LONDON, January 24, 2018 (LifeSiteNews) – A leading intellectual who has become a kind of poster-boy for free speech cornered a left-wing interviewer with her own logic when she castigated him for offending people who say they are transgendered.
Dr. Jordan Peterson, clinical psychologist and professor at the University of Toronto, entranced viewers when he appeared on Britain’s Channel Four in an interview with Cathy Newman. The interview, in which Peterson’s measured, thoughtful responses make the overly combative Newman sound petty and ridiculous, has had over three million hits on Facebook.
At the climax of the debate, Newman addressed Peterson’s battle against speech codes that would force Canadians, by law, to use pronouns preferred by “transgender” activists.
“Why should your right to freedom of speech trump a trans person’s right not to be offended,” she demanded.
“Because in order to think, you have to risk being offensive,” said Peterson. “Look at the conversation we’re having right now. You’re certainly willing to risk offending me in the pursuit of truth. Why should you have the right to do that? It’s been rather uncomfortable.”
“Well, I’m very glad I put you on the spot,” Newman stammered, visibly taken aback, as Peterson laughed.
“But you get my point,” pressed Peterson. “You’re doing what you should do, which is digging a bit to see what the hell’s going on, and that is what you should do. You’re exercising your freedom of speech to certainly risk offending me. And that’s fine. More power to you, as far as I’m concerned.”
“But you haven’t sat there and–,” Newman began, and then fell silent. She dropped her gaze, and to the delight of many conservatives stammered, “I just, I’m just trying, I’m just trying to work that out.” She fell silent again as the camera captured her discomfort.
“Ha,” came Peterson’s Canadian voice off-screen. “Gotcha.”
“You have got me,” Newman admitted.
“It’s about time,” said Peterson drily.
Reactions to the interview have been mixed, with British conservatives chuckling over Newman’s worsting and liberals painting Peterson as “provocative”, a hero of the “alt-right” and the leader of “an army of trolls”.
The response to the interview was overwhelming. So far there have been over 61,000 comments on its principal Facebook recording. Twitter erupted in a firestorm of reactions to the show, many of them highly unflattering to Newman.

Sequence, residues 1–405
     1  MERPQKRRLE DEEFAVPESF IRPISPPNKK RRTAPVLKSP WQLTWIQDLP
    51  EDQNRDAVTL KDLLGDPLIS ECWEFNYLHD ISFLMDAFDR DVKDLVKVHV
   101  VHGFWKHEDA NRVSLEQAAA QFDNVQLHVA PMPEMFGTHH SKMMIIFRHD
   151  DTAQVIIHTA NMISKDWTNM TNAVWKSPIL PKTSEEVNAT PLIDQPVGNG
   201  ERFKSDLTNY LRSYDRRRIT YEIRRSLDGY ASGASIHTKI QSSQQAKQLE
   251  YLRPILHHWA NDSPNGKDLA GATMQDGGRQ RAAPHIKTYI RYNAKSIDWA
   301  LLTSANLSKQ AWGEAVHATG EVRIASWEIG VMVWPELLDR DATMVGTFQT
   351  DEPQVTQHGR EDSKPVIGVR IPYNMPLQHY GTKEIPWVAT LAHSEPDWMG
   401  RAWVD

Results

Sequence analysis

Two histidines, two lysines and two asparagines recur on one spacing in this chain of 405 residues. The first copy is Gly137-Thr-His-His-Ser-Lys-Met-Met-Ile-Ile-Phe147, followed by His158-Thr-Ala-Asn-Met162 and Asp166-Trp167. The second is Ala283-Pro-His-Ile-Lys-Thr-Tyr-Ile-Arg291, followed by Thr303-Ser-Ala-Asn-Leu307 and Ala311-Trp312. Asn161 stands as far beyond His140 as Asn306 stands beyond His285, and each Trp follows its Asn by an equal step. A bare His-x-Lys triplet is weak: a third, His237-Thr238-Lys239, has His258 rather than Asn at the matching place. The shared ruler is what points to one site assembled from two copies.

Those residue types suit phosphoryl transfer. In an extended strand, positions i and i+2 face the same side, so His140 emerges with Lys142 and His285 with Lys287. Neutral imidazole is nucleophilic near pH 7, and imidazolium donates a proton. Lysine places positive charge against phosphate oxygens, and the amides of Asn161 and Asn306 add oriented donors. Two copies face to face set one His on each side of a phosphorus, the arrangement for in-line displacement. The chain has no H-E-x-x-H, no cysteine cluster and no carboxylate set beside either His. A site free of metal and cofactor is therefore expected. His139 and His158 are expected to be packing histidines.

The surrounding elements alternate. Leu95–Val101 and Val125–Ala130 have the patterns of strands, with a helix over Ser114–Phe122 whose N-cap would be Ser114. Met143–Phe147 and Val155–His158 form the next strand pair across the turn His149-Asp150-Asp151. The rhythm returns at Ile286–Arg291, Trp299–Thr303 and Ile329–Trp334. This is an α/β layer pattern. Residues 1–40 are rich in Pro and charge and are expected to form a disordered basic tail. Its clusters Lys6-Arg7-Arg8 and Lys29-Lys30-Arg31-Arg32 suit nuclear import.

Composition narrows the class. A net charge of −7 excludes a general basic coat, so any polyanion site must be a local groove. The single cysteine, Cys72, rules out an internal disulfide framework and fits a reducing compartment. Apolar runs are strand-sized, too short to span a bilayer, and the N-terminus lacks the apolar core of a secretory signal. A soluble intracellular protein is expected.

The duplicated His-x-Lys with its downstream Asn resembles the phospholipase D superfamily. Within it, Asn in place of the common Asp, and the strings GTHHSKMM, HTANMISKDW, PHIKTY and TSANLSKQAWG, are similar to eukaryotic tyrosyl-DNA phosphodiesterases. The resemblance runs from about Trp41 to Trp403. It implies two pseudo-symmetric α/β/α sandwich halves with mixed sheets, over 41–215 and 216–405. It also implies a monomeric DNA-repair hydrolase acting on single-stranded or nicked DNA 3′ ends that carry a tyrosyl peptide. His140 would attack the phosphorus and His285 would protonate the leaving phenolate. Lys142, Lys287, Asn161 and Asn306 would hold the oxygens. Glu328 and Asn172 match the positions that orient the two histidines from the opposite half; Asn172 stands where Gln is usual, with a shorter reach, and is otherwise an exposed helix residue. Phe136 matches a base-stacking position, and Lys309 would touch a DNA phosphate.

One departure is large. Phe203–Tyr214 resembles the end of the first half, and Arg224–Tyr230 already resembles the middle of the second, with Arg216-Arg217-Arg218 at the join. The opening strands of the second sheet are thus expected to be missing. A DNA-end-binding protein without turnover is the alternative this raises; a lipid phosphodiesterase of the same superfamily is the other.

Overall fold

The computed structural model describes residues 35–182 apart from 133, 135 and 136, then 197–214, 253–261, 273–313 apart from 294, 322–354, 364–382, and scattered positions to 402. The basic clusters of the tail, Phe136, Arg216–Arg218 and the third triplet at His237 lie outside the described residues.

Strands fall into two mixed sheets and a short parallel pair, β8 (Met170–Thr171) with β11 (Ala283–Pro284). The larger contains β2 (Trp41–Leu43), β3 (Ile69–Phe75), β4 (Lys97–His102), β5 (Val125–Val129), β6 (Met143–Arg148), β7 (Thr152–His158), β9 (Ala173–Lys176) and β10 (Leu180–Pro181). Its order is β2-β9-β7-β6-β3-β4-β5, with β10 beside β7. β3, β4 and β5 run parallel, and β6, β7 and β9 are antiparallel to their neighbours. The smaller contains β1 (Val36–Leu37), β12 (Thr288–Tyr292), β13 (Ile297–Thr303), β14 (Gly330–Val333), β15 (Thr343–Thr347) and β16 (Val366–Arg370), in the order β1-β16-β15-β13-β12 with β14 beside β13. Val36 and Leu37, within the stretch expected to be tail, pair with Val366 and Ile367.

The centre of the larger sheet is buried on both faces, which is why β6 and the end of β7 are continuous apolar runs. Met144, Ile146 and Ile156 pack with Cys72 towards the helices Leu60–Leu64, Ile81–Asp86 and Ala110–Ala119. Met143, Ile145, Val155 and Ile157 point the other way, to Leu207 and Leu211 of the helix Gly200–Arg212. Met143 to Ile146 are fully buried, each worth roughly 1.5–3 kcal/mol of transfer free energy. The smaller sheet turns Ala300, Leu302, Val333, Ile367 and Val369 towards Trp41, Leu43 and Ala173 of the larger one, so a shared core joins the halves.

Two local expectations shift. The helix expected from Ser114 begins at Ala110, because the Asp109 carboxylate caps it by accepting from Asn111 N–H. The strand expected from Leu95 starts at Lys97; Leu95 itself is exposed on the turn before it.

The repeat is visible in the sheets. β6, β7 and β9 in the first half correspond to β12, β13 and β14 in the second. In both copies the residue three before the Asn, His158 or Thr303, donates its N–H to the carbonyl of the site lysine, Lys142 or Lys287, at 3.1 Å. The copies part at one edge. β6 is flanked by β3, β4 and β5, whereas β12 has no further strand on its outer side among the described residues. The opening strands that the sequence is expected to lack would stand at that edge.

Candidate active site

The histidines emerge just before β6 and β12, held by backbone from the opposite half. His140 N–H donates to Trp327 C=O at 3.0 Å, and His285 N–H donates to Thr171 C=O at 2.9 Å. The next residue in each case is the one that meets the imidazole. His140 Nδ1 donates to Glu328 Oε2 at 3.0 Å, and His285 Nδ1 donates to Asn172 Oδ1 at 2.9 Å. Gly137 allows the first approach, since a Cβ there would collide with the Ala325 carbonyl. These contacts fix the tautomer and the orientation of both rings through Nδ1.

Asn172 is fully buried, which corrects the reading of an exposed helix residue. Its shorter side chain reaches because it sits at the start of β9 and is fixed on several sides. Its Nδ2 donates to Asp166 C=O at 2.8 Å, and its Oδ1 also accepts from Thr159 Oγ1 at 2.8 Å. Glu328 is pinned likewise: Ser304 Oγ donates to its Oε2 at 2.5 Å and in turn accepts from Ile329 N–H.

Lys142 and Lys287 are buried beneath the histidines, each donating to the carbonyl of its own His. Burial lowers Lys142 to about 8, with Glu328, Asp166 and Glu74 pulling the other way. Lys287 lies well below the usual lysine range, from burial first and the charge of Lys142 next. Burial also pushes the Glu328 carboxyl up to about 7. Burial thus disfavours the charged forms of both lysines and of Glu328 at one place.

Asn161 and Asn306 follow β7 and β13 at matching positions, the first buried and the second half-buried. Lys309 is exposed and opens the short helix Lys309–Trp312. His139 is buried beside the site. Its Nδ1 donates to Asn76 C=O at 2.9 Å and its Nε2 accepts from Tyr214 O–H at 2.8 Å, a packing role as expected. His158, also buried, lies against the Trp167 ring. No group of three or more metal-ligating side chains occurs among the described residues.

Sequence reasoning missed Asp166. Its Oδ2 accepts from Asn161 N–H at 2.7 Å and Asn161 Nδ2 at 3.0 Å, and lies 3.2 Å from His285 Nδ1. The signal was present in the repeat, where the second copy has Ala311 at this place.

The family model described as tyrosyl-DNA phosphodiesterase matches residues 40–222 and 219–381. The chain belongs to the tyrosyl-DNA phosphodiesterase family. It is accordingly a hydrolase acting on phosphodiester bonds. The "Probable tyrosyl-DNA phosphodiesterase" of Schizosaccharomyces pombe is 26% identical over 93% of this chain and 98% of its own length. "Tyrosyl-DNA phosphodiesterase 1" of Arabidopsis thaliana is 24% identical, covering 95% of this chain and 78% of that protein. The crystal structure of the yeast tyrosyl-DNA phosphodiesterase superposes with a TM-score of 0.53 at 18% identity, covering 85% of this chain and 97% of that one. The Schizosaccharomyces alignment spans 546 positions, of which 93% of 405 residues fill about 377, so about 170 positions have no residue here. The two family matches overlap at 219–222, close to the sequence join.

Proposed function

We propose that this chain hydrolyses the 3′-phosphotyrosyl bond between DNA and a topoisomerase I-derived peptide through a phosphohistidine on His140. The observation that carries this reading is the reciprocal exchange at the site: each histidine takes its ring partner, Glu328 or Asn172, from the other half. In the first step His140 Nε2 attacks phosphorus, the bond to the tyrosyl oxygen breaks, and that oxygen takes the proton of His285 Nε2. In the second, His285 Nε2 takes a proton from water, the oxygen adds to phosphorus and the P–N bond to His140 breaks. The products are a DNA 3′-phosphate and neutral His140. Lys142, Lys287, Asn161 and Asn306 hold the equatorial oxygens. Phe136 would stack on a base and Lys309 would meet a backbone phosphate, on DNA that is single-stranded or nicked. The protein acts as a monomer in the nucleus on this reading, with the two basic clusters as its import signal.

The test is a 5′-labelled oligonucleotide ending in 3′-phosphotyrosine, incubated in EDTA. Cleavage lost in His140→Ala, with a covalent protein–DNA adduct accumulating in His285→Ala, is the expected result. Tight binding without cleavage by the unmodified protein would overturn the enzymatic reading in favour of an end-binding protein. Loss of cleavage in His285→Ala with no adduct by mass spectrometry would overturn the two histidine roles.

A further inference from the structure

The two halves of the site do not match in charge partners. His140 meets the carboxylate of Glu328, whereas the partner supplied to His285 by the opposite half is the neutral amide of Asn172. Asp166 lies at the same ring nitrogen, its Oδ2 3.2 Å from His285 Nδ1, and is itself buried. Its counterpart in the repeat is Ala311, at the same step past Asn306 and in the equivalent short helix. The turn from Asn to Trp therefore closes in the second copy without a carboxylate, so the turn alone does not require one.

The UK’s left-wing media went into action to wrest back the narrative that Peterson is a dangerous, rather than a highly intelligent and thoughtful, person. Newman was recast as a victim of the patriarchy, rather than an as a feisty interviewer who had met her match. The Guardian published a story saying that Channel Four had “called in security experts” over remarks about Newman, claiming that there had been “threats.”
After reading the Guardian story, Peterson tweeted: “If you’re threatening her, stop. Try to be civilized in your criticism. It was words. Words, people, words. Remember those?”
Peterson now regrets this, telling a reporter at the Dutch newsblog GeenStijl that his tweet was “instantly used as validation for the claim that there were threats.”
Just before he made his “white knight” move, Peterson told his Dutch interviewer, the professor had told himself that there was no evidence that these threats were credible.
“And if I respond by asking these people to back off, I’m also implying that there are people who should back off, that this is real,” he thought.
But Peterson published his tweet anyway because Newman had been subject to a large number of “vitriolic comments,” and he thought that might be “okay,” that this might be enough reason for him to protest.
“But it wasn’t okay,” he said. “Because as soon as I did it, the fact that I did it was proof that all these claims were valid.”
“I was distraught,” he admitted.
When asked if threats were indeed made against the reporter, Peterson said, “There were no threats that were sufficient to get the police involved.”
Peterson is on a world tour promoting his new book 12 Rules for Life: An Antidote for Chaos. His battle against political correctness in Canadian universities has made him internationally famous.
Newman is known in the UK for her combative interviewing style. In April 2017, she grilled Tim Farron, then the leader of Britain’s Liberal Democrat Party, whether or not he believed homosexual sex was a sin. The relentless media scrutiny of Farron’s Christian beliefs led him to resign as leader of his party.